ABA Banking Journal - April 2012 - (Page 6)

editor’s column | by bILL stReeteR Giving youth its due There’s a lot to be said for experience. It’s not overrated. But for a minute or two, we’d like to point out that youth is sometimes underrated by those who are, shall we say, no longer young. The youth we’re talking about here are a group of six bankers—all CEOs or close to it. They were selected for the story about “Nextgeneration bank leaders” that you can read beginning on page 16. They’re all under 50. Youth is relative, and less a function of age than of mindset, as these “young” bankers acknowledge in the article. The six all work for community banks of varying asset sizes—two are de novos. We would suggest, however, that you read the story no matter what size bank you’re with, because fresh views, contrary thoughts, sharp observations, and, yes, some brashness, transcend bank size. Some readers will bridle at what they say. That’s okay. It’s good to shake things up on occasion. It’s interesting that the group doesn’t pound on technology. Not because it isn’t important, but because it’s a given. One of the things that does come through strongly is the importance of poking your head outside the bank now and again to see what’s going on in other businesses. A quote we particularly liked came from Jim Edwards, CEO of United Bank, Griffin, Ga.: “Bankers need to step back and not be so focused on just talking to bankers,” he said. “We’re in a service business, not that different from other service businesses.” How right that is. Who among us cannot recall being impressed by great service received from some business establishment we’ve dealt with? Here in New York, where we’re based, service levels range from sublime to attack-dog. In one recent visit to an industrial supply store, the level of service was most impressive. Upon entering the store, the person at the order desk assisting a customer looked up and said, “Pick-up or new order?” At the reply of “Pick-up,” the man said “Excuse me” to the customer in front of him, and, without moving, spoke into an intercom asking for someone to come to “will call.” Five seconds later, someone came out. We’re not suggesting that banks don’t do this. Still, Jim Edwards was right on the money about not just talking to other bankers. (These bankers will likely enjoy reading the lead item in Bank Notes—p. 10— “Recipe for the bank of next month.”) As another of the young CEOs observed, “We run the bank as a business, not an institution.” It’s just a word, of course, but while bankers (and those who write about them) are used to talking about “financial institutions” and “depository institutions,” to the outsider, the word “institution” connotes bad food, drab paint, and bureaucracy. Words matter, and you want your employees to remember that you’re in business to help people, and serve them efficiently and pleasantly. The six young bankers, by the way, do respect the CEOs who came before them. As well they should. Some of those “old timers” still have some darn good ideas in them. n “To people outside banking, the word ‘institution’ connotes bad food, drab paint, and bureaucracy” bstreeter@sbpub.com 6  |  ABA BANKING JOURNAL  |  APRIL 2012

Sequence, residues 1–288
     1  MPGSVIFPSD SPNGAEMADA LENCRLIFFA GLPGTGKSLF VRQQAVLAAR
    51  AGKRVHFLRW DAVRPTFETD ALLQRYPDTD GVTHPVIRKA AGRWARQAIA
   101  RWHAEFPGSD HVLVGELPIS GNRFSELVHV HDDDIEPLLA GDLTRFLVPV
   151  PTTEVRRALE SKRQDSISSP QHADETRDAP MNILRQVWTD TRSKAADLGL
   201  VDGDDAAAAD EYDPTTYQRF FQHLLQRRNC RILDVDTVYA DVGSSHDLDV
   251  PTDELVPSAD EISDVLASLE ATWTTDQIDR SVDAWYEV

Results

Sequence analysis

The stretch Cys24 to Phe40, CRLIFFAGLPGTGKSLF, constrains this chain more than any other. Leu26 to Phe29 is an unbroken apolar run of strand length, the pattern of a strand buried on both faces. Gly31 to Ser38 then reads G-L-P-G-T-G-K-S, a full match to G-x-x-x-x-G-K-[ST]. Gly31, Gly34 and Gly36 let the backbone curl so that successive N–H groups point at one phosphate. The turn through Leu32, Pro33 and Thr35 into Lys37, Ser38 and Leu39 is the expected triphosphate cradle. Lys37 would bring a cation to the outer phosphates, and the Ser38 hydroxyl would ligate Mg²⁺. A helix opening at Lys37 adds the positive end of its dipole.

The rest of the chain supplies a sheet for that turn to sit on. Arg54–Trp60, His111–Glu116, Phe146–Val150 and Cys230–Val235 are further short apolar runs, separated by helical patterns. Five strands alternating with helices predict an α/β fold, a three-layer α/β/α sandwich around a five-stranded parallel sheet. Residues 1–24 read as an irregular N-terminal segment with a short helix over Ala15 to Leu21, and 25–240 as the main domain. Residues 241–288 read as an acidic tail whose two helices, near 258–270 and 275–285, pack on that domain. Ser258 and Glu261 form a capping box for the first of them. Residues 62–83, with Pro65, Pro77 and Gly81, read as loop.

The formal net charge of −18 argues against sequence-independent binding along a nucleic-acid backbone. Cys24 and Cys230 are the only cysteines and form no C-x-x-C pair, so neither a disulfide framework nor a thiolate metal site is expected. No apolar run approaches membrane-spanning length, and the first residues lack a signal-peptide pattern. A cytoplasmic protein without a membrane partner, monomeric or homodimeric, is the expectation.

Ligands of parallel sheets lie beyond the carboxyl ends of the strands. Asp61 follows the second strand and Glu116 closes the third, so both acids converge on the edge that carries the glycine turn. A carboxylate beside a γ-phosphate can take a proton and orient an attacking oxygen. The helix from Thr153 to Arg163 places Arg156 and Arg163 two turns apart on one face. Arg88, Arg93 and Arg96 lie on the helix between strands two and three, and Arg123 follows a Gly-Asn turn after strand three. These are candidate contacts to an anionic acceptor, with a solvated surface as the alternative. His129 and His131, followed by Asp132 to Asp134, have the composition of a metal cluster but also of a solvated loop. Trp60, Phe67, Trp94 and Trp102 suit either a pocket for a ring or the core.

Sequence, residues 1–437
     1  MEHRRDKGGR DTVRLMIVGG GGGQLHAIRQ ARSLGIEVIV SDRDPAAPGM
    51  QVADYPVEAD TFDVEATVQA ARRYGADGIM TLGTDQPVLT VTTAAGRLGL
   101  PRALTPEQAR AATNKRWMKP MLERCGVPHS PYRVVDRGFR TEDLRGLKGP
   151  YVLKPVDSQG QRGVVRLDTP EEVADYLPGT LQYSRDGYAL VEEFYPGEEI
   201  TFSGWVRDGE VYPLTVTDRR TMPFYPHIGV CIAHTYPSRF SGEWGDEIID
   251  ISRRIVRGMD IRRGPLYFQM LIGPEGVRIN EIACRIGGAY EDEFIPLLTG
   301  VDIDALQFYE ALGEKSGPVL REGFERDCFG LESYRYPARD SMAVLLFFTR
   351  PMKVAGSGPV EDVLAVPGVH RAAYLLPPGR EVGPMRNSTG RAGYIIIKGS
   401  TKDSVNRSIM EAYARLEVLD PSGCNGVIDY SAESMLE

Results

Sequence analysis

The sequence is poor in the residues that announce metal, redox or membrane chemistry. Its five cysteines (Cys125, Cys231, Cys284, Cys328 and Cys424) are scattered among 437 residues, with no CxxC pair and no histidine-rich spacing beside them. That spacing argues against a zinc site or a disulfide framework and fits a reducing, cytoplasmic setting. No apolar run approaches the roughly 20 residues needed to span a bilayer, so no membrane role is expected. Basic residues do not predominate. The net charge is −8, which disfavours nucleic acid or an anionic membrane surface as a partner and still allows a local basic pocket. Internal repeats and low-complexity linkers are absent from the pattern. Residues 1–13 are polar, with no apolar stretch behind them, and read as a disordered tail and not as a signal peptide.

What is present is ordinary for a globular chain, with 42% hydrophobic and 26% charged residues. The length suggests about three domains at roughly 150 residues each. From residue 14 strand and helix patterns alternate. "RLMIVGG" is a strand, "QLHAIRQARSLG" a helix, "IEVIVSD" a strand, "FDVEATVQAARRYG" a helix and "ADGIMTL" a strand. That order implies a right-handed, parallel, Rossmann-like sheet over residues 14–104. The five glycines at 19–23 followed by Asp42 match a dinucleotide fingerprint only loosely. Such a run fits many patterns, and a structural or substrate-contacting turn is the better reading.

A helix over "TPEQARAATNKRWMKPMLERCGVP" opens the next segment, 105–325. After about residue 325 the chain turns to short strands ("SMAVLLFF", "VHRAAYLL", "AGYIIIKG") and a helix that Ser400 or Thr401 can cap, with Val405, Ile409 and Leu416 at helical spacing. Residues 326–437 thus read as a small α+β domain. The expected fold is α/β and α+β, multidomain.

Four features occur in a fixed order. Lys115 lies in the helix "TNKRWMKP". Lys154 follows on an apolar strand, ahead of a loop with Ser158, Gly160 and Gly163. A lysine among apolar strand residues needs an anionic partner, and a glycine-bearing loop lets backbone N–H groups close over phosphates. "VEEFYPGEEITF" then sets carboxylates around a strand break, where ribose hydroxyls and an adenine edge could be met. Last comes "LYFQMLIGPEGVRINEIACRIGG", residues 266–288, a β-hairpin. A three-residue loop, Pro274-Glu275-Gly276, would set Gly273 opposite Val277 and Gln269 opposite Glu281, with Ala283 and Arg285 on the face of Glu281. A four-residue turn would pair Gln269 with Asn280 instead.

Table of Contents for the Digital Edition of ABA Banking Journal - April 2012

ABA Banking Journal - April 2012
Contents
Chairman’s View
Editor’s Column
The Economy
Bank Notes
Picture This
Young CEOs: Our turn
Pass the Aspirin
Tech Topics
What is your appetite for risk?
Top-performing big banks
Compliance Clinic
Compliance Inbox
ABA Resources
Legal Issues
First Person

ABA Banking Journal - April 2012

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